High pine-clad mountains surround an idyllic bay with a long swathe of pale shingle and coarse sand leading to the protected National Park area of the lagoon with its sandy beach to one end. It is a spectacularly romantic setting, which could be why so many couples choose to get married here.
Ölüdeniz is also the perfect family resort for a laid-back beach holiday. It is a popular resort with numerous lively bars, restaurants and shops alongside the seafront promenade but still retaining an individual charm. There is plenty of choice when it comes to dining out, with a choice of authentic Turkish and international cuisine, fine dining options, budget options and many places offering childfriendly menus. While away the pressure of life in this hazy sunblessed resort while sunbathing, sipping on a long cool refreshing drink or enjoying one of the many watersports and activities available.
High above the bay are the villages of Hisarönü and Ovacik. Just 4kms from Olüdeniz, Hisarönü offers lively nightlife and a great variety of shops, cosy cafes and a wider choice of restaurants, whilst nearby Ovacik is slightly quieter and surrounded by beautiful mountain scenery, still with a choice of shops, bars and restaurants. There are frequent dolmus services available to both these villages and also to Fethiye, only 12kms from Olüdeniz, an attractive harbour town with a colourful, bustling market to explore.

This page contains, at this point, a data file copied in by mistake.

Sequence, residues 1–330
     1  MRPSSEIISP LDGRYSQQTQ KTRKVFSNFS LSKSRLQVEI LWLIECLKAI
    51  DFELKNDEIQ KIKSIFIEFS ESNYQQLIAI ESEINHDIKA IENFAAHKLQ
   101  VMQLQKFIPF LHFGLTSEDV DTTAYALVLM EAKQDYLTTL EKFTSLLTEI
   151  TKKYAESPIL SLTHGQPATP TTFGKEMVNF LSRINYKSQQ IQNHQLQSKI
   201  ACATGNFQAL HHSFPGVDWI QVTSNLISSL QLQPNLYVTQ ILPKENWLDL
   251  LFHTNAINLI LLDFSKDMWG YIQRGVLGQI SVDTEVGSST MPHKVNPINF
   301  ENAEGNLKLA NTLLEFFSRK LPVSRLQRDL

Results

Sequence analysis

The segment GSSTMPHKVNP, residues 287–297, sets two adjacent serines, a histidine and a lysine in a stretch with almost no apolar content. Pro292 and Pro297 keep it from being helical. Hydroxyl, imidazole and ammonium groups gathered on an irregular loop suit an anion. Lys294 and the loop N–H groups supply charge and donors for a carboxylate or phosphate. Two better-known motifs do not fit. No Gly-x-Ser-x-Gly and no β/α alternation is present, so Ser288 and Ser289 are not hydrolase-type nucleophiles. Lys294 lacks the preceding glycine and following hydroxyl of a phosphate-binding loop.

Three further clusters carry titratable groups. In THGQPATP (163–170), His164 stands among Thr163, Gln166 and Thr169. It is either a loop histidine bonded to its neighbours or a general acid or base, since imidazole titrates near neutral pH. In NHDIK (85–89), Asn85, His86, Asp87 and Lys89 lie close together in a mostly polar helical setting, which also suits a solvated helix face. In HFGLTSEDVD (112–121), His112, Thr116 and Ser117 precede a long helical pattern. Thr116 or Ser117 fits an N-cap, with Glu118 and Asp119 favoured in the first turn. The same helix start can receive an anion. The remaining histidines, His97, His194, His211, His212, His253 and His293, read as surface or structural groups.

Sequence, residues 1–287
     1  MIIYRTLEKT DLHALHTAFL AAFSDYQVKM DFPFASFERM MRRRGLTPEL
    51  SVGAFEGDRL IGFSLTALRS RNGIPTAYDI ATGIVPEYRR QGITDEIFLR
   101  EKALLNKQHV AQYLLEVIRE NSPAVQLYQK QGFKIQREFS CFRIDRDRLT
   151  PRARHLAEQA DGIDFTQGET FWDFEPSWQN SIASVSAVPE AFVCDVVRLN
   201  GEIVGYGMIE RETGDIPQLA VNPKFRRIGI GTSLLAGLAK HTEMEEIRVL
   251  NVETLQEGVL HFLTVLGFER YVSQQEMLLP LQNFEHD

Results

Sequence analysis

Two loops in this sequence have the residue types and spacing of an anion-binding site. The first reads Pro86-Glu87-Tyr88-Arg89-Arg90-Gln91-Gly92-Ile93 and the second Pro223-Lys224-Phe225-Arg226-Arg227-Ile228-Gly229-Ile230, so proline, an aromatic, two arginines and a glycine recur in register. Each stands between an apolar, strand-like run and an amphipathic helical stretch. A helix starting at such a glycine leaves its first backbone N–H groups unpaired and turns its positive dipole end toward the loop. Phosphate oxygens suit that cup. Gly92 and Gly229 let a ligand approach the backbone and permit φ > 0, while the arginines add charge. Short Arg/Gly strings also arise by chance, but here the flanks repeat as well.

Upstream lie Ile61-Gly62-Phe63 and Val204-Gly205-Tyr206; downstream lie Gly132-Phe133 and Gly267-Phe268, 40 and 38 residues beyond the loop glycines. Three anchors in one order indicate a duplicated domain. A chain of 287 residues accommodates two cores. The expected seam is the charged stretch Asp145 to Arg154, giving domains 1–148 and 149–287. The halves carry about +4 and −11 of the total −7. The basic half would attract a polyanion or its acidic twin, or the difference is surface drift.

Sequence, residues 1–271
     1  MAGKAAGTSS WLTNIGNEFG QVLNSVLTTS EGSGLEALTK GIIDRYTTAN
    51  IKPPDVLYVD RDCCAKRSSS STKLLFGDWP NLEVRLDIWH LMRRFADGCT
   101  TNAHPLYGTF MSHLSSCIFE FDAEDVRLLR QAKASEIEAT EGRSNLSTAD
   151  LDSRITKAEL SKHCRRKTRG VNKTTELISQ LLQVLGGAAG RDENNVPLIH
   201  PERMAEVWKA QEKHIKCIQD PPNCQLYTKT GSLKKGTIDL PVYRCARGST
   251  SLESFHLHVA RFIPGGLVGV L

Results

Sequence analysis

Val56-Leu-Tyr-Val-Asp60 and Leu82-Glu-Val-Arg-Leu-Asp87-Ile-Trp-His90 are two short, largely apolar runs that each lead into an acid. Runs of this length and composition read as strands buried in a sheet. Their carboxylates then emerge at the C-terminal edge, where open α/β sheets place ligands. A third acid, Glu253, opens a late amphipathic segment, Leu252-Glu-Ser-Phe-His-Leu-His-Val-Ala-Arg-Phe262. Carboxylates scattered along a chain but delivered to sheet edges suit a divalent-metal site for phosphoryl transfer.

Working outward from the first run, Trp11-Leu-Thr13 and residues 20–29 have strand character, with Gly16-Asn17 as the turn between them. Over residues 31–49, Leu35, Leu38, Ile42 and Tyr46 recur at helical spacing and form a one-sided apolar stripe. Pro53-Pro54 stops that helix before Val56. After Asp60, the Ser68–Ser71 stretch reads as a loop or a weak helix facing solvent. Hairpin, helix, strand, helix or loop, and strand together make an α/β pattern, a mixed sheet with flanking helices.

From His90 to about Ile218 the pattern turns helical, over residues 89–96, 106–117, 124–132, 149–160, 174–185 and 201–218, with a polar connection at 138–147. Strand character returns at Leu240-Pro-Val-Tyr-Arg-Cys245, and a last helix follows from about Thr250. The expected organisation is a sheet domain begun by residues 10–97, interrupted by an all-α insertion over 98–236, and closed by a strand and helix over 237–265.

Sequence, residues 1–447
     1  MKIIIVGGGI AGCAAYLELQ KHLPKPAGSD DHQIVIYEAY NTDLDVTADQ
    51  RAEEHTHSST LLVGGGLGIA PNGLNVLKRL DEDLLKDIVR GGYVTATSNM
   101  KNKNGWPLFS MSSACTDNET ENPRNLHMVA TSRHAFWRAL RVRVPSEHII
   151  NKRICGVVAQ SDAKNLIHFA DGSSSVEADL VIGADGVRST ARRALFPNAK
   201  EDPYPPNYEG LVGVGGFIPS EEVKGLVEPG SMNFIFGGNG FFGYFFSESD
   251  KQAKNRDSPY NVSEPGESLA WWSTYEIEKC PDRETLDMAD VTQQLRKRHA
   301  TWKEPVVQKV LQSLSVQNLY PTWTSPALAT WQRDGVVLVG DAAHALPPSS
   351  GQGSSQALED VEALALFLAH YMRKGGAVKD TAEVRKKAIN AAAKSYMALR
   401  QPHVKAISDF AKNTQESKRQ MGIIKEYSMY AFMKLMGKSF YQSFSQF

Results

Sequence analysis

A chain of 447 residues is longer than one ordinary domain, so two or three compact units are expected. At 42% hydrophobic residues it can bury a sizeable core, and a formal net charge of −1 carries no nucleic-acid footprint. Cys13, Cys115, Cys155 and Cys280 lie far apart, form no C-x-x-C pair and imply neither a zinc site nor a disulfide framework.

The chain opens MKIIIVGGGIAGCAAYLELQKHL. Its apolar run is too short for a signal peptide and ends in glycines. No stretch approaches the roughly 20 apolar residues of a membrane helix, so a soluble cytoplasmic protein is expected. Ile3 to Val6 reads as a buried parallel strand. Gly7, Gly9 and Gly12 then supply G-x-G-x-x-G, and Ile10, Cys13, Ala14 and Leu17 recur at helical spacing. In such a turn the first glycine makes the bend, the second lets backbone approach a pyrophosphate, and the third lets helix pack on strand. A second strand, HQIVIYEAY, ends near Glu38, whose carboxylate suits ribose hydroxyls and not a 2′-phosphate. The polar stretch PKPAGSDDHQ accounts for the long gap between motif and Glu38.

The local countryside is also very beautiful and holidays here are certainly not just for beach lovers. A rambler’s paradise, this lovely resort is situated along Turkey’s first long-distance walking route, the Lycian Way, a 509km way-marked footpath around the coast of southern Turkey running from Fethiye to Antalya. For walkers the best time of year to enjoy this route is either February to May or September to November, avoiding the higher temperatures during the main summer months. It is possible to walk shorter shadier sections if visiting during June to August, but not particularly recommended.
You can take a short boat ride to vibrant Butterfly Valley, named for the migratory Euplagia quadripunctaria, more commonly known as the Jersey Tiger, a colourful red, black and white tiger moth which comes to the valley in the thousands during the summer months. A waterfall cascades into the flat-bottomed valley which is enclosed by towering cliffs, the damp conditions supporting a variety of plants as well as appealing to the moths and other kinds of butterflies.